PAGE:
The Transformers are in a mess, in more ways than one.
Since its inception in 1984, the toyline/cartoon series has well, transformed into a franchise behemoth, moving into comics, loose sequels, kids version, and more, with each branching off into more sub creations that are at times united in name only (Marvel US vs UK comics, Transformers G1 cartoons vs Japanese sequels, Marvel Comics vs Dreamwave vs IDW vs Devil’s Due, etc), but still creating an impressive narrative of the heroic Autobots versus the evil Decepticons across multimedia channels.
But along the way, there have been countless stories of the war for Cybertron, and the battles between Optimus Prime and his arch-nemesis, Megatron, and no resolution is in sight, because despite having both leaders kill each other in the seminal Transformers: The Movie, both these characters are always at the epicentre of the Transformers story.
Their latest battle takes place in Transformers: War For Cybertron Trilogy – Siege, a new 6-part animated series from toymaker Hasbro and Netflix, and it is part of a larger three-part series. In a way, this modern 3D retelling actually brings audiences back to the past on Cybertron and on the surface, audiences can enter this series with barely the base knowledge of the franchise. If you’re a fan of Paramount’s live-action movies, Siege can be seen as a loose retelling of the events in Cybertron that led to the movies, briefly seen in Bumblebee.
If you’re a fan of the original Transformers cartoon, you can treat Siege as an expansion into the background of the events that led to the Autobots escape from Cybertron to Earth millions of years ago, and you will be treated to some elements not seen in the first episode then, but canonically inserted in subsequent seasons (such as the introduction of the female Autobots, Elita-1 and Ultra Magnus).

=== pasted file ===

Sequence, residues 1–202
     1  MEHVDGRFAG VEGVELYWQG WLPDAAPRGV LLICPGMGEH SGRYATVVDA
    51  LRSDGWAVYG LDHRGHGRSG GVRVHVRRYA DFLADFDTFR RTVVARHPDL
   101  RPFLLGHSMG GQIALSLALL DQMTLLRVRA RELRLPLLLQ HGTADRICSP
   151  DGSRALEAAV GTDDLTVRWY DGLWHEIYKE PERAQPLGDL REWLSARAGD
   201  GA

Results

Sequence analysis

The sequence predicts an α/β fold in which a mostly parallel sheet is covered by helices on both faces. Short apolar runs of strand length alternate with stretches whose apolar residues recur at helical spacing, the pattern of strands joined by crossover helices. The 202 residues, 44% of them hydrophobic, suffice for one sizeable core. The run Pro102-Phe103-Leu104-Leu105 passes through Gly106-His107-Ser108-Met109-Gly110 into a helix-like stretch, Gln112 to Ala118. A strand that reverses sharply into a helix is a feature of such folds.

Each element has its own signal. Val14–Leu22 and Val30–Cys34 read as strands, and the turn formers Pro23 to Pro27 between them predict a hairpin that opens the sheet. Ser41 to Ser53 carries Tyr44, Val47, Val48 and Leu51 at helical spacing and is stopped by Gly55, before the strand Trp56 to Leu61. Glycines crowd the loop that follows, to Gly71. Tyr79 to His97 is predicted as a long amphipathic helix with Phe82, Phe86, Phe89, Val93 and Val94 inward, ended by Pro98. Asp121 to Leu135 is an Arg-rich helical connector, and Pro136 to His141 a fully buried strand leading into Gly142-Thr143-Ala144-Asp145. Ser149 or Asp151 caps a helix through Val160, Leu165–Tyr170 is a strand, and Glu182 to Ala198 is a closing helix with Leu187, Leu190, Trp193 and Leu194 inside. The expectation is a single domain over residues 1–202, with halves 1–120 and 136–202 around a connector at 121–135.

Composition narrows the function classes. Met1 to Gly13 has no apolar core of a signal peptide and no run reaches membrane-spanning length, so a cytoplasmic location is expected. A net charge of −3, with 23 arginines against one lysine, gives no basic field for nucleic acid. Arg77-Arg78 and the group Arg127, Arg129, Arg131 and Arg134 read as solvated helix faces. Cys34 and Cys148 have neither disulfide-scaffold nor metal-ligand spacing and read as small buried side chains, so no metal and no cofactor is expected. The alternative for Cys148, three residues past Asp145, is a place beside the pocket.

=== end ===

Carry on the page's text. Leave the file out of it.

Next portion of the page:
If you happen to be a fan of the earlier Transformers: War for Cybertron video game, you’re SOL because this animated series has nothing to do with that game of the same name. Showrunner F.J. DeSanto has enough from the last almost-four decades of stories to pick from, and he clearly selected the key ones for this.
And if you’re a fan of the massive Transformers toyline, be prepared for a new wave of Transformers toys that you might have seen before, or even owned. Released as part of the Generations toyline, the toys were actually released in early 2019, before this animated series. So what can Hasbro do to coincide with the launch of this new animated series? Why, re-release the toys in new packaging and paint of course.
The toys from this new wave are the same as the earlier one, with one added advantage – they look EXACTLY like the characters from the cartoon. It seems that the animators behind the cartoon actually based their designs on the cartoons, thereby giving fans the most incredibly cartoon-accurate designs and paint job ever in the almost 40-year history of the series. It’s so accurate that the series’ characters actually sport some of the more prominently placed 5mm post and screw holes from the toys, for where toys can be combined or weapons can be mounted.
Interestingly enough, the series can be seen as an attempt to weave the rich histories of all the Transformers properties that came before, to fix plot holes and what not, but it gives rise to new ones. As noted earlier, Siege can be seen as an attempt to reconstruct the narrative of the events leading up the first episode of the original cartoon, and introduces the likes of Elita-1 (and why she didn’t travel on Teletraan 1 to Earth), the Allspark, and also Ultra Magnus, while also answering some small plot holes, such as if only Decepticons can fly, where did Jetfire come from?
(Yes, I know – Autobots and Decepticons can all fly, but in the original series, the Autobots were mainly working class ground vehicles, while the Deceptions included planes and were more militaristic in nature.)